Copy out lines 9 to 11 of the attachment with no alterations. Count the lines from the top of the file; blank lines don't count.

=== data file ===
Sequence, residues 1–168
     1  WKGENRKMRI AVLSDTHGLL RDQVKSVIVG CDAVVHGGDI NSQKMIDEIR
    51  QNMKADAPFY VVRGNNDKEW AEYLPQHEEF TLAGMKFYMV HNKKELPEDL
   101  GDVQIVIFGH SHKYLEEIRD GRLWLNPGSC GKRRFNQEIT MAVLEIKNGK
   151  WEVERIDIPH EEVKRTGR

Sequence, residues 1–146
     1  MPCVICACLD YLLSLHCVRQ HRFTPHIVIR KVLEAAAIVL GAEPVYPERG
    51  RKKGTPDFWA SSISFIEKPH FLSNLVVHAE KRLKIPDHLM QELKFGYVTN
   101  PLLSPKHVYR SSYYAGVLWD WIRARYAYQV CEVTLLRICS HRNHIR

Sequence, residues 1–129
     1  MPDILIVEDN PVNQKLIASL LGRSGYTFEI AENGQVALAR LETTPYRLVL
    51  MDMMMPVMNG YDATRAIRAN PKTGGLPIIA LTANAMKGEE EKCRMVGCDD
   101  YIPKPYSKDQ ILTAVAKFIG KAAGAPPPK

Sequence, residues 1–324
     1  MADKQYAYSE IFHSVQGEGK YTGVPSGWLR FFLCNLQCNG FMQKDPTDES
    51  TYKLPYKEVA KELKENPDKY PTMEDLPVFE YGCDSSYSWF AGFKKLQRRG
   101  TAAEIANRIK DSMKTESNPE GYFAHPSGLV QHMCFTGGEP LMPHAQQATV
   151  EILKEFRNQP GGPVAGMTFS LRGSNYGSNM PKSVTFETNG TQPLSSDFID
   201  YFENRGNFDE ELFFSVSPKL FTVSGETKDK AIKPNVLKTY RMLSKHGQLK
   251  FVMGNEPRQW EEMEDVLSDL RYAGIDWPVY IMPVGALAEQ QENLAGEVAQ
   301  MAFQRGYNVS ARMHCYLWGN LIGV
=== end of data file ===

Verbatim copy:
   101  PLLSPKHVYR SSYYAGVLWD WIRARYAYQV CEVTLLRICS HRNHIR

Sequence, residues 1–129
     1  MPDILIVEDN PVNQKLIASL LGRSGYTFEI AENGQVALAR LETTPYRLVL